Norton finally strikes gold as Our Jonathan outguns Rifles

 

If your name's on a trophy, it's on it. Twice in the past had Franny Norton been replaced late on a horse that went on to win the Ayr Gold Cup and though the veteran journeyman is well used to such weighing room shuffling, it did make his rather easy victory on Our Jonathan in yesterday's edition of the six-furlong dash the sweeter. He took Scotland's richest Flat prize by two lengths, thwarting a gamble on 6-1 favourite Eton Rifles in the process.

"I must have been destined to win it," said the delighted Norton, 41. "I was supposed to ride Redford last year, and Bahamian Pirate a few years before that [in 2000], so this is not really out of turn."

Our Jonathan, an 11-1 shot, finishedon the far side of the track, with Eton Rifles heading the group that raced on the stands' side, the pair followed in by Son Of The Cat (18-1) and Colonel Mak (16-1). "When I got to the leaders on my side I had a look across," added Norton, "then let mine off at the furlong marker, and he went and did his job well."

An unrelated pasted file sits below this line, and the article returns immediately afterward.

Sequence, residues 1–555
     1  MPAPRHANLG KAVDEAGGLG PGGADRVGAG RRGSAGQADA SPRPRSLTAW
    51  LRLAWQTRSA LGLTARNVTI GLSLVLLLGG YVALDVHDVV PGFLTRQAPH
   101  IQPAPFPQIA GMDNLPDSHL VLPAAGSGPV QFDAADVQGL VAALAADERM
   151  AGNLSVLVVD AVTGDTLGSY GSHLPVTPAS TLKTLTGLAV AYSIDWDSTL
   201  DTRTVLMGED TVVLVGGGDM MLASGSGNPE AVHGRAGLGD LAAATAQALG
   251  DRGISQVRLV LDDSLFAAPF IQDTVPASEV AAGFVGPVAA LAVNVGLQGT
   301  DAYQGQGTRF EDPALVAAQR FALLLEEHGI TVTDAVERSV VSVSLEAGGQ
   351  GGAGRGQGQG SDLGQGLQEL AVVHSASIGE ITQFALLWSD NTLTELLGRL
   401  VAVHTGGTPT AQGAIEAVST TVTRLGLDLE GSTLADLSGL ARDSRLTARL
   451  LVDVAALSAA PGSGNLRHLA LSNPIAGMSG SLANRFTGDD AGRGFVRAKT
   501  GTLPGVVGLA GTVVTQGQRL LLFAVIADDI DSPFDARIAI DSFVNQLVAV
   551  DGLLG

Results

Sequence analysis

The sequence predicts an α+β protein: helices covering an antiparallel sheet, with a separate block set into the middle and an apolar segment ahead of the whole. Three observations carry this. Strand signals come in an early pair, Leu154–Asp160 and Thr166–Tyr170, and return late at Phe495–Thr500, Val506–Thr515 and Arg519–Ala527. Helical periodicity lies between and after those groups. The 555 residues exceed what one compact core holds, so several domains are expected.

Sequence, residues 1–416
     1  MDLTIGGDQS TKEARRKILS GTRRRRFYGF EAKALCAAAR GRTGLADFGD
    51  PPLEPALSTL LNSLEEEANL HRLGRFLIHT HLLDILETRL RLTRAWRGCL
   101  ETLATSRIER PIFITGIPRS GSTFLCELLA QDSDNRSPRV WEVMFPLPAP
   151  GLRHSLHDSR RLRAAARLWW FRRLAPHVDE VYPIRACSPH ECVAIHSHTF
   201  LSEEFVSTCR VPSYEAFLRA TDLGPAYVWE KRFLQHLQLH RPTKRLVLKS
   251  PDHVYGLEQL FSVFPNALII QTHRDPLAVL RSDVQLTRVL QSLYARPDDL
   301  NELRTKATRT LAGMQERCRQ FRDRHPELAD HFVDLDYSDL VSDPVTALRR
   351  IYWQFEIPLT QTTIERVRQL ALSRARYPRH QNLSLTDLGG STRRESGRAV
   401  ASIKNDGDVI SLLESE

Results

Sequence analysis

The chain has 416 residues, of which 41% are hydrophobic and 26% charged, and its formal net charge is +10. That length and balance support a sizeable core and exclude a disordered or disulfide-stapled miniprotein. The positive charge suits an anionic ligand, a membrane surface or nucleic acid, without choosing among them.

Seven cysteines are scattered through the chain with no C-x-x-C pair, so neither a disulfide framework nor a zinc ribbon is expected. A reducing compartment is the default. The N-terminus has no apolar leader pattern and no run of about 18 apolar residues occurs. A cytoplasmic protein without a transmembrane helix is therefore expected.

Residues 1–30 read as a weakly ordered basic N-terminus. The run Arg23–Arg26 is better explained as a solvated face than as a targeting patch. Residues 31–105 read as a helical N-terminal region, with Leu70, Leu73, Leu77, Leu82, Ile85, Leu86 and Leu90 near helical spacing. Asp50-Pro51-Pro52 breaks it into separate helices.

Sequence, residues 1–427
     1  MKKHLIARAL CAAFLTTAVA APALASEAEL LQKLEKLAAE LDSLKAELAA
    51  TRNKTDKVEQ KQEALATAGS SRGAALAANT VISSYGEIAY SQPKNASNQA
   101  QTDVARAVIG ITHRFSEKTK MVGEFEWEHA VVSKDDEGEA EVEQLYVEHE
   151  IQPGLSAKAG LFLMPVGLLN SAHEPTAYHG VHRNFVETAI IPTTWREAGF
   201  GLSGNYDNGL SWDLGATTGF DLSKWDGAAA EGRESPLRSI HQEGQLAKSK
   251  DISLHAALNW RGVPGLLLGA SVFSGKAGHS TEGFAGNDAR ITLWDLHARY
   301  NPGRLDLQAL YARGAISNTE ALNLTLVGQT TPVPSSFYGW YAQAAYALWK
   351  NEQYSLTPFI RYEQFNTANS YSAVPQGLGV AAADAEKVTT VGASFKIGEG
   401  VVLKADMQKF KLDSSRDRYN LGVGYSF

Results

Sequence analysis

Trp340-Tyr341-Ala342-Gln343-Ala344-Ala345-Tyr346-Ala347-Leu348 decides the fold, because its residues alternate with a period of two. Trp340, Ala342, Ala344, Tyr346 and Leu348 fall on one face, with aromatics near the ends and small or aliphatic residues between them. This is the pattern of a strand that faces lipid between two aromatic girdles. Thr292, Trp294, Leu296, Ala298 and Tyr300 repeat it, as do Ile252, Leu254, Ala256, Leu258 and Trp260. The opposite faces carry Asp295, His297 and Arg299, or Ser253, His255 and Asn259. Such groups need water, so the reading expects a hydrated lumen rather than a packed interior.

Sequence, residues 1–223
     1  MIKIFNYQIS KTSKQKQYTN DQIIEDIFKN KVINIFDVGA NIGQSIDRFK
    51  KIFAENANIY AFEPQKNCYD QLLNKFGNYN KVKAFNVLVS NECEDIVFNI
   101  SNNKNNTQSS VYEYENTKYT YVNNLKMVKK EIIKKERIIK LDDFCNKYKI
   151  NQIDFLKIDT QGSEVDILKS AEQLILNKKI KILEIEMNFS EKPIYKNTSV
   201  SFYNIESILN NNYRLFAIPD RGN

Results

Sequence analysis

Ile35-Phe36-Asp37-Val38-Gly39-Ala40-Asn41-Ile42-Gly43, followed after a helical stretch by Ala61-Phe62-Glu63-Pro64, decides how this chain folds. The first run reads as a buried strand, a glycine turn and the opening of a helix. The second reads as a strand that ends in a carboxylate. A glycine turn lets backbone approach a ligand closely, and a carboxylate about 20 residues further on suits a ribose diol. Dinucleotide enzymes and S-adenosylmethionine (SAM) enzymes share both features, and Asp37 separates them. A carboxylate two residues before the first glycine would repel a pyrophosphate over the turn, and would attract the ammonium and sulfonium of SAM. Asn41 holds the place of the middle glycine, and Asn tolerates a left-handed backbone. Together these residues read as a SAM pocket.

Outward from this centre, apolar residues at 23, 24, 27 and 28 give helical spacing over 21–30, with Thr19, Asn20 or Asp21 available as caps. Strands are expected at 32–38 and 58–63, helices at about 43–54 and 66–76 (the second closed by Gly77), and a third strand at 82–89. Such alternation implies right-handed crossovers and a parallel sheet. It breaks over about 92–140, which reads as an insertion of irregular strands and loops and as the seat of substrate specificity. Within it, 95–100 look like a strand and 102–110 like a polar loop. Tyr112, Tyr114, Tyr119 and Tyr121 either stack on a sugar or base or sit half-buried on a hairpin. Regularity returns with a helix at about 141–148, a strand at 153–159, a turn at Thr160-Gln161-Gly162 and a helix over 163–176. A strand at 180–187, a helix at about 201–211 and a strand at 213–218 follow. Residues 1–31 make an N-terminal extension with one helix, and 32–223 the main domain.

The four-year-old gave Liverpool businessman Marwan Koukash – who preferred Frankie Dettori to Norton for Redford – his second successive win in the venerable contest (worth £74,000 yesterday), and Yorkshire-based trainer Kevin Ryan his second, after Advanced four years ago. "The horse had really started to sparkle in the last 10 days," said Ryan. "Franny rode him really well when he won at Chester in May and this time Marwan let him keep the ride."

Though the Ayr Gold Cup, first run in 1804, is merely a handicap, it is part of the heritage of the sport. By contrast, the day's most valuable prize was part of a modern marketing phenomenon, one of a series of races designed to encourage owners to spend at the autumn yearling auctions. The Richard Hannon-trained gelding Tell Dad had cost £77,000 last October and until yesterday had recouped £9,000 of that outlay. He now has another £108,000 to his credit.

If the history was at Ayr and the cash at Newmarket the emerging class was at Newbury, where upwardly mobile Deacon Blues denied Koukash a swift sprint double as he put Masamah and his other rivals to the sword in the five-furlong Group 3 contest, and hard-working juvenile Caspar Netcher added the Mill Reef Stakes to last month's Gimcrack Stakes on his eighth run of the campaign.

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